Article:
The potential transfer of F-16 warplanes to Turkey, subject to congressional approval, could influence Ankara’s decision-making regarding Sweden’s accession to the alliance. Furthermore, sustaining long-term commitments to Ukraine, which Biden likens to the United States’ support for Israel, necessitates the commitment of congressional lawmakers to maintaining their support over the course of years. The Ukrainian counteroffensive has faced setbacks, prompting allies and senators to reconsider their backing.

Concerns regarding Ukraine’s arsenal are genuine, with reduced supplies leading the United States to make the controversial decision to send cluster bombs. Doubts among Republicans regarding continued funding for Kyiv at current levels have grown louder. Regarding the sluggish start of the Ukrainian counteroffensive, Biden shared with reporters that even Zelenskyy admitted to the challenging nature of the situation.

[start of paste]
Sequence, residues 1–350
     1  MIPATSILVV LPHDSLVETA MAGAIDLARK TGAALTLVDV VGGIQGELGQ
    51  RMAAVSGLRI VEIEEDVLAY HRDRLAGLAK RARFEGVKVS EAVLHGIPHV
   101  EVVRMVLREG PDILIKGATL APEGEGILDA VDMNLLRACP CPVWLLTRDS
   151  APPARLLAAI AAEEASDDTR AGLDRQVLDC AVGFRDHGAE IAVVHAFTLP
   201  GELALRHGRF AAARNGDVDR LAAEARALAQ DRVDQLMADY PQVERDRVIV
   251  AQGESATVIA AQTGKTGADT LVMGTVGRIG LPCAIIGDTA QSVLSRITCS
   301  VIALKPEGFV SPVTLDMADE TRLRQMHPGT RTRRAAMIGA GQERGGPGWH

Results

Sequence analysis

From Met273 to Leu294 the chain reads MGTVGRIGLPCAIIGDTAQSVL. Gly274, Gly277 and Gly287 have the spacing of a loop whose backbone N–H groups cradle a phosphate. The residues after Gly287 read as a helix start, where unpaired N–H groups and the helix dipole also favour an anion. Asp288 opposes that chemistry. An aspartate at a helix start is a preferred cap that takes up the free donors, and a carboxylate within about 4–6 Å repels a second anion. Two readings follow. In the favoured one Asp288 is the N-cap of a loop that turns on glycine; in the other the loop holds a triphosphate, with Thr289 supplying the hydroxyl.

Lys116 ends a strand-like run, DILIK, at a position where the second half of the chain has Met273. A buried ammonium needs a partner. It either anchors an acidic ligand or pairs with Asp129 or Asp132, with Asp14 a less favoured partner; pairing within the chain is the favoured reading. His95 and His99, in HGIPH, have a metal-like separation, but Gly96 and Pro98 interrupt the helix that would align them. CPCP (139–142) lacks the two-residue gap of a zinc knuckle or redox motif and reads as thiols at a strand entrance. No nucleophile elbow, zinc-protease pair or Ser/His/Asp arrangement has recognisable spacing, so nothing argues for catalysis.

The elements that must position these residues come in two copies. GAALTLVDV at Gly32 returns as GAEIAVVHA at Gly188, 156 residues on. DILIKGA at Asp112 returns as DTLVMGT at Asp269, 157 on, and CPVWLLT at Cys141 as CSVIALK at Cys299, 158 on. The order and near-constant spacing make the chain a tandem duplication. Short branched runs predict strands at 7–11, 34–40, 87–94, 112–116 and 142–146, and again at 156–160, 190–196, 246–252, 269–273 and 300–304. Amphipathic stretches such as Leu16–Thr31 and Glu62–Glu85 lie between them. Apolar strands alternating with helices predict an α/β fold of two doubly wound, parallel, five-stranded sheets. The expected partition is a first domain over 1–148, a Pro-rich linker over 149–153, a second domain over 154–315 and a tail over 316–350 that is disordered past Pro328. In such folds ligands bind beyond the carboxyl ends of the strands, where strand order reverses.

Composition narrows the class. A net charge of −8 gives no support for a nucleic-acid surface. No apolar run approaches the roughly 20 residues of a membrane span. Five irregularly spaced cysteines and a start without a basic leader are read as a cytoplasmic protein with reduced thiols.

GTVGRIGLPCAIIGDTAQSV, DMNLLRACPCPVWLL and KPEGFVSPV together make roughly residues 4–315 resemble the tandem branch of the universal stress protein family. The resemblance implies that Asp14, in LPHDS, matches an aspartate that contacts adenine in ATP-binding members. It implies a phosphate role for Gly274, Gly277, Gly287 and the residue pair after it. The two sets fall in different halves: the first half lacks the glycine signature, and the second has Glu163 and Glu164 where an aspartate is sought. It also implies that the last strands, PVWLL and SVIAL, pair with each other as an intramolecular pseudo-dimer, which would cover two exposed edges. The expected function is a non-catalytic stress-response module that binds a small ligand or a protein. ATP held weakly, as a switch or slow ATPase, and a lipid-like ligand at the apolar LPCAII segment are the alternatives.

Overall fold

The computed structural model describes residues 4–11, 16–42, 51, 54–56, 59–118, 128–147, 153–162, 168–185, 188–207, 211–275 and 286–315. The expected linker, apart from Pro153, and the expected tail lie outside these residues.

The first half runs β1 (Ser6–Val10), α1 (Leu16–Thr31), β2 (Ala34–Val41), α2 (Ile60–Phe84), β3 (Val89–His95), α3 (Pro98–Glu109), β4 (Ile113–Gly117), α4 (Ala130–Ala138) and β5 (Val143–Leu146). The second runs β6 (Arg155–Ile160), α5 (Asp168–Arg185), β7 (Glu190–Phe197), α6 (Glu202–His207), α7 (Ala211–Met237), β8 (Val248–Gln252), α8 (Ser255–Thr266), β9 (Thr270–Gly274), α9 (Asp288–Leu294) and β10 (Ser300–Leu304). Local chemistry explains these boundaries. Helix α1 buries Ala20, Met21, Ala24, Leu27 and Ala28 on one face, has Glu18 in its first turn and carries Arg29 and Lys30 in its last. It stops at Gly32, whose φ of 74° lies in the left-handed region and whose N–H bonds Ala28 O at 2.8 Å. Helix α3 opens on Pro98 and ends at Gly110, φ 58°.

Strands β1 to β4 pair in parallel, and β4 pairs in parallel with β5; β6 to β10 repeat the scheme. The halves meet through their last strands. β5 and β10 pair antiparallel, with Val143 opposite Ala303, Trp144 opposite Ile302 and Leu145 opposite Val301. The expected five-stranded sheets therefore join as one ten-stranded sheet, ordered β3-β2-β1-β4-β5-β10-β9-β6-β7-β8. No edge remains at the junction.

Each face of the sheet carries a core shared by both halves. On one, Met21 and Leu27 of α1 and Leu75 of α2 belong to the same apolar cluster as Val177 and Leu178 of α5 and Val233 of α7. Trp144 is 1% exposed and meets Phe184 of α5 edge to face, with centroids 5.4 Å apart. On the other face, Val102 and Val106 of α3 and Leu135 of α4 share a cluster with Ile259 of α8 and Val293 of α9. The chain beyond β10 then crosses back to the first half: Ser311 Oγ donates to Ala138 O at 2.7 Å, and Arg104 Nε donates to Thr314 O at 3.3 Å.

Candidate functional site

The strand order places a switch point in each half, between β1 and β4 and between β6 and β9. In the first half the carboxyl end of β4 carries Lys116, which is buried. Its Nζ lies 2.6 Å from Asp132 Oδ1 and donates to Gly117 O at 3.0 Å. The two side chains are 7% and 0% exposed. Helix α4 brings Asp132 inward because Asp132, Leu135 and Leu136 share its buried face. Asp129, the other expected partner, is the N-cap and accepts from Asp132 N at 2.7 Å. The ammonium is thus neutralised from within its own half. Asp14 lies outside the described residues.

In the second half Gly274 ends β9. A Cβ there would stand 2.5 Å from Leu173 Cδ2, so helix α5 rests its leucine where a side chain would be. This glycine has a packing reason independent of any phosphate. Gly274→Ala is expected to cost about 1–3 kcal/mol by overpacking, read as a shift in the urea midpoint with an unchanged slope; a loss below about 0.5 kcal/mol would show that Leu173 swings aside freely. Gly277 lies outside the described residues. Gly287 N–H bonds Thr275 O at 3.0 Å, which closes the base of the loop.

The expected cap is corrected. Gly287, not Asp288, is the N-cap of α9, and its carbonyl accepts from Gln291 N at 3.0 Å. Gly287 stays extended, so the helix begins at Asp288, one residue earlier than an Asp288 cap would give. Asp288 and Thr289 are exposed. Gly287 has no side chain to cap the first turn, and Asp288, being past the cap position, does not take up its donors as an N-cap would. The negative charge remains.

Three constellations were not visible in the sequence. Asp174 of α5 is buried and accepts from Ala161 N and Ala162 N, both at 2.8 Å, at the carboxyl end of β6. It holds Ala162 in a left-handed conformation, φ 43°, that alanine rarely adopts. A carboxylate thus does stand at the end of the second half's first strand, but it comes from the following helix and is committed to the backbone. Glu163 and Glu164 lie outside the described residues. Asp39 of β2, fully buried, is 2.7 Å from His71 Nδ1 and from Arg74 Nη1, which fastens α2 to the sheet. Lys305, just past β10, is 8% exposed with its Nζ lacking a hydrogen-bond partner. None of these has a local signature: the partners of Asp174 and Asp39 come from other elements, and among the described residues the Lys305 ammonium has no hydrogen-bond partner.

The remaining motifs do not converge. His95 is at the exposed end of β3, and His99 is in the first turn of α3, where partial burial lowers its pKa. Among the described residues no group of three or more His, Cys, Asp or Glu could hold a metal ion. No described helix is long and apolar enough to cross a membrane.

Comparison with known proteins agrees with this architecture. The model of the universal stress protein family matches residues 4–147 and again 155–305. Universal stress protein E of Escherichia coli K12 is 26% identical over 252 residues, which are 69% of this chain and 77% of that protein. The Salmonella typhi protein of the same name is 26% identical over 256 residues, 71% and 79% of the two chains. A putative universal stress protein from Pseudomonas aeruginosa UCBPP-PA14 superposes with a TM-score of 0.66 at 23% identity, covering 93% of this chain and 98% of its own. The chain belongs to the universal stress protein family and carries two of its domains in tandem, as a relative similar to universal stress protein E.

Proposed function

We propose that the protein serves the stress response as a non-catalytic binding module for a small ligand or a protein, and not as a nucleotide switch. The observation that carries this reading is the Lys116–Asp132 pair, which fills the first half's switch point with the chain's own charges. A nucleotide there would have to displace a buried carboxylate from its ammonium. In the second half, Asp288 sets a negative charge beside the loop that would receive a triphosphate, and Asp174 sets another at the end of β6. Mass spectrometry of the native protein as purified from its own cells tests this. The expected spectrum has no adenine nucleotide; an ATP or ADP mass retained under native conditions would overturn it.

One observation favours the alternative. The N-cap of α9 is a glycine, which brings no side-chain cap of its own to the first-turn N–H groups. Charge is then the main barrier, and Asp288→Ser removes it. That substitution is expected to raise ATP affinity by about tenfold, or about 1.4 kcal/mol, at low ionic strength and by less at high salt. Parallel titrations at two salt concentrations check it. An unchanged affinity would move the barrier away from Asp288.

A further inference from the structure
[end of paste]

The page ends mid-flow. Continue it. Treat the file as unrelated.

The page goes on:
Looking ahead to next year’s U.S. election, it is highly plausible that the Republican frontrunner, Trump, could dismantle the progress achieved by Biden within a few months of reclaiming the Oval Office. This potential scenario loomed over the Helsinki gathering, where two other figures cast their shadows.

The reverberations of Trump and Putin’s summit in July 2018 resonated throughout Biden’s meeting with Finnish President Sauli Niinistö. The news conference on Thursday took place in the very room within Finland’s presidential palace where Trump had sided with Putin over his own government’s conclusions when asked by a reporter, “who do you believe?”.

Currently, Putin finds himself isolated internationally, having become a global outcast following his brutal invasion of Ukraine over 500 days ago. As his military faces setbacks, much of the Western world unites in support of Kyiv. Notably, the expansion of NATO now includes Finland, a country sharing an 800-mile border with Russia that had to abandon its longstanding neutrality to join the alliance.